Some things just don’t make sense when we first try wrapping our heads around them. The balloon should move backwards like everything else in the car. Working together to solve a problem makes sense. Chilling water at 150 degrees to 32 degrees should be harder to do than chilling water that starts at 75 degrees.

Only it’s not.

How about this one?

  • Ed tech is good for kids. Except when it’s not.

The whole point of History Tech is focused on finding ways to integrate technology into social studies best practices. Ed tech is a good thing. Ed tech can be used to support data collection and analysis, critical thinking, collaboration, problem solving, communication. It’s a good thing.

Except when it’s not.

Recent research seems to suggest that there are times when using technology Read more

Holiday Goodie Rerun VIII: How to make your presentations awesome

I’m sure most of you are doing the same thing I’m doing right now. Spending time with family and friends, watching football, catching up on that book you’ve been dying to read, eating too much, and enjoying the occasional nap.

Between now and the first week in January, you’ll get a chance to re-read some of the top posts of 2014. I may decide to jump in with something current but if I don’t, enjoy this Holiday Goodie rerun.

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I had a conversation several days ago with a teacher who was asking all the right questions. She wanted ideas of what works, what the research is saying is great for kids. In her first year, she was using primary sources and other kinds of evidence. She was having kids address deep questions. But she was still concerned about lecturing too much.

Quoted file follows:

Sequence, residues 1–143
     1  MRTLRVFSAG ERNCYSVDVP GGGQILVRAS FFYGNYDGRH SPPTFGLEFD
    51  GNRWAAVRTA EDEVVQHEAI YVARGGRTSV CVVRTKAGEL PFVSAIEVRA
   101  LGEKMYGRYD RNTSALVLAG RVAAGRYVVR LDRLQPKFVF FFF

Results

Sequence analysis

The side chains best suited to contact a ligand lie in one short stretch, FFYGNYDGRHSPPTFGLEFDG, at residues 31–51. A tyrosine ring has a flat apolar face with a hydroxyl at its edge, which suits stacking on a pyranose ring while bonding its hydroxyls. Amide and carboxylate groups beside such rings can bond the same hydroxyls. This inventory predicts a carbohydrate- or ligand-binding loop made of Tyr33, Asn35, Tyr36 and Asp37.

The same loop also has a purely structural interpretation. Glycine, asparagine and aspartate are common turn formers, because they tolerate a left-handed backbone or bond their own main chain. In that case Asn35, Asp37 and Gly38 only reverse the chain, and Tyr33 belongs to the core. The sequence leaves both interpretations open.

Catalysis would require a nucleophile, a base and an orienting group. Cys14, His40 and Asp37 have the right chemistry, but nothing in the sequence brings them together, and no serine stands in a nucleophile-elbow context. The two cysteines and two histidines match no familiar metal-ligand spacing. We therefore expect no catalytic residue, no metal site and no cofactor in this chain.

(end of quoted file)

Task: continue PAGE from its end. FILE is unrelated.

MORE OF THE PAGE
And I had to agree. She was probably lecturing too much. It’s an easy habit to fall back on – it makes it seem like you’re doing your job. It fills the time. It covers the content. And it’s often a “great” classroom management tool . . . in the sense that kids are busy “learning” so they’re not setting stuff on fire.

But for a lot of reasons – most of them accurate – lecture as an instructional tool is seen as a bad thing. And for the most part, I agree. Kids need to be solving problems. Working in groups. Messing with evidence. Creating products. Communicating solutions. It’s tough doing that when they’re sitting in rows listening to you.

But I will also suggest that short, interactive conversations between you and your students can be one way for kids to collect foundational knowledge that helps them do those other things. Short and interactive being the operative words here.

Another word that needs to be added to the mix? Read more

How to make your presentations awesome